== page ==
A deposit in a bank is what is termed a general deposit and creates the relation of debtor and creditor between the bank and the depositor, unless there is an agreement to the contrary, or the fund is impressed with a trust in favor of a third party or on account of a transaction with a third party. Here the fund was not impressed with a trust and we are not concerned with the conditions under which a trust might arise or the rights which might grow out of it. If the deposit is made under an agreement that the identical property is to be returned, it is commonly termed a special deposit and creates the relation of bailor and bailee, and the title to the property remains in the bailor. The deposit in question was not such a deposit. A deposit may be made under an agreement that the bank is to apply it to a particular purpose, or is to perform some specified service for the depositor in respect to it. Such a deposit creates the relation of principal and agent, and does not pass to the bank as its own property. The following are some of the cases and authorities defining the relation existing between a bank and its depositors under various conditions, and the rights and liabilities arising therefrom: Stein v. Kemp, 132 Minn. 44, 155 N.W. 1052; Platts v. Metropolitan Nat. Bank, 130 Minn. 219, 153 N.W. 514; Stabbert v. Manahan, 163 Minn. 214, 203 N.W. 611; Pierson v. Swift County Bank, 163 Minn. 344, 204 N.W. 31; Blummer v. Scandinavian Am. State Bank, supra, page 89; In re State Bank, 56 Minn. 119, 57 N.W. 336, 45 Am. St. 454; Security Bank v. N.W. Fuel Co. 58 Minn. 141, 59 N.W. 987; South Park F. M. Co. v. C.G.W. Ry. Co. 75 Minn. 186, 77 N.W. 796; 3 R.C.L. 517 et seq; 7 C.J. 631, et seq; and annotations in Ann. Cas. 1913E, 45, in L.R.A. 1918A, 65, in 31 A.L.R. 472 and 39 A.L.R. 930 and 1138.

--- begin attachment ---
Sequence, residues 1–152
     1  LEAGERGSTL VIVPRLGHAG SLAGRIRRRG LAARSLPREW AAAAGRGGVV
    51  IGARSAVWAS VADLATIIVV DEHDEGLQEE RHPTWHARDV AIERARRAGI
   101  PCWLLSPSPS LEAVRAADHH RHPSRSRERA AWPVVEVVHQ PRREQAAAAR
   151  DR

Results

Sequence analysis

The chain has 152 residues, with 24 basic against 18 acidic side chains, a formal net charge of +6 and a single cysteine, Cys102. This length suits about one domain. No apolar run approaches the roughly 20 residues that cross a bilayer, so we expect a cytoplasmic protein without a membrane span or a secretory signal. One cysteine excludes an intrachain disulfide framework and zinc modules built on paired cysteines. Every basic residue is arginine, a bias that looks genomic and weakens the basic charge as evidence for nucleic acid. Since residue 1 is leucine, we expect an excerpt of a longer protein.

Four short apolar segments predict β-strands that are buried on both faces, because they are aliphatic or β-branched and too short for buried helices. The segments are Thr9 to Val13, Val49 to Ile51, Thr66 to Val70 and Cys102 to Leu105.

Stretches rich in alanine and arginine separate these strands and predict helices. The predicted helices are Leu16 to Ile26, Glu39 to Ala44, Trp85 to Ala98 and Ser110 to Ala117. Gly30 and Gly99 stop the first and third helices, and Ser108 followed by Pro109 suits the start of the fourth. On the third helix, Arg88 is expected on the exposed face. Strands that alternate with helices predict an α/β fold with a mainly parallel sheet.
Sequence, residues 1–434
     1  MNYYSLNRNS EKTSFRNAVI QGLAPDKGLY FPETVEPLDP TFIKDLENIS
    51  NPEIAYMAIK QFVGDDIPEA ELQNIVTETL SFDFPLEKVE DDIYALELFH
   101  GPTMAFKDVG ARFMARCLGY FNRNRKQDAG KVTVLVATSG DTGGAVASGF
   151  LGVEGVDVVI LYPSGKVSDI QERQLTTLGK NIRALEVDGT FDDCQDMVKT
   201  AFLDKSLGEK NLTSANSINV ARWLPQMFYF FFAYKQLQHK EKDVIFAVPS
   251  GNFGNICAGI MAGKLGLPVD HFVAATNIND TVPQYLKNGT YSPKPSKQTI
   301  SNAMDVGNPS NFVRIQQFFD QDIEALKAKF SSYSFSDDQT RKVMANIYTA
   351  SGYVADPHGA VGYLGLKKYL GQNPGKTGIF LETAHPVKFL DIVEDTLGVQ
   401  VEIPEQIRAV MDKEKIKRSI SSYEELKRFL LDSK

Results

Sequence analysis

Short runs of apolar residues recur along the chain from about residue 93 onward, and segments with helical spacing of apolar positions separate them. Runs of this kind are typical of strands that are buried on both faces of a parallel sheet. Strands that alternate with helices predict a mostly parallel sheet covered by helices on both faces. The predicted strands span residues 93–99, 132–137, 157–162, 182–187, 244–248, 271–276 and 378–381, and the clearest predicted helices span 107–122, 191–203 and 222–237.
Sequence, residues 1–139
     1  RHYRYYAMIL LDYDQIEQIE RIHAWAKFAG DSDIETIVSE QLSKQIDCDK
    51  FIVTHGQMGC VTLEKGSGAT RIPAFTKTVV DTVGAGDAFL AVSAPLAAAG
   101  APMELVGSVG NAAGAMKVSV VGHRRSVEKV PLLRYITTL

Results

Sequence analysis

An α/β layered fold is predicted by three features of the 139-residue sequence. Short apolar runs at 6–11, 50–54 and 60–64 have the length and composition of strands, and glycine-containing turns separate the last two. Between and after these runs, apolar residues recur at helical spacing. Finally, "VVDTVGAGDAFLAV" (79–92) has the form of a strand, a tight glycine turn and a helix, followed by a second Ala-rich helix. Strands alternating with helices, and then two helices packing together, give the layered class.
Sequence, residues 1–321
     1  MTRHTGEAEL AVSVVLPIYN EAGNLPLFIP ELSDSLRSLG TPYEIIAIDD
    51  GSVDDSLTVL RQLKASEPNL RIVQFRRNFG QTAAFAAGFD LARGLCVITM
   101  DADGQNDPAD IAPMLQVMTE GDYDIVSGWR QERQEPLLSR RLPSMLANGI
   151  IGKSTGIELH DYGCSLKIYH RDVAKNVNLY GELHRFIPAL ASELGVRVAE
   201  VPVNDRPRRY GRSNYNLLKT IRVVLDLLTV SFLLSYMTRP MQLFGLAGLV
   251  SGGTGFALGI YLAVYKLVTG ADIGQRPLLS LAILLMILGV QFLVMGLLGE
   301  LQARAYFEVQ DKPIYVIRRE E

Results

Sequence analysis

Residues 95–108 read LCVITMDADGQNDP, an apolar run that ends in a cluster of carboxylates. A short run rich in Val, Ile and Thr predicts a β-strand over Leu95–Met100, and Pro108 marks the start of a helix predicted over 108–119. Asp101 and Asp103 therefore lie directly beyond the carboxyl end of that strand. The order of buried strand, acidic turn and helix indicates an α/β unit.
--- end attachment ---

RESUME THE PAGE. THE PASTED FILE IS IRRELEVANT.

Here the evidence justified and perhaps required a finding that the bank had no authority to purchase warrants for plaintiff and that such purchases could be made only by plaintiff himself. The evidence was to the effect that the parties understood that plaintiff was to buy warrants from the bank after the bank acquired them, not that the bank was to buy warrants for plaintiff with plaintiff's funds. The fact that a depositor makes the deposit with the intention of using it in making future investments does not take it out of the class of general deposits nor create any other relation with the bank than that of debtor and creditor. Wetherell v. O'Brien, 140 Ill. 146, 29 N.E. 904, 33 Am. St. 221; Estate of Law, 144 Pa. St. 499, 22 A. 831, 14 L.R.A. 103.

The evidence fully warranted the court in holding that the bank had assumed no special duty or obligation in respect to this deposit, and that plaintiff stood in the position of a general creditor and was not entitled to a preference over other general creditors.

Judgment affirmed.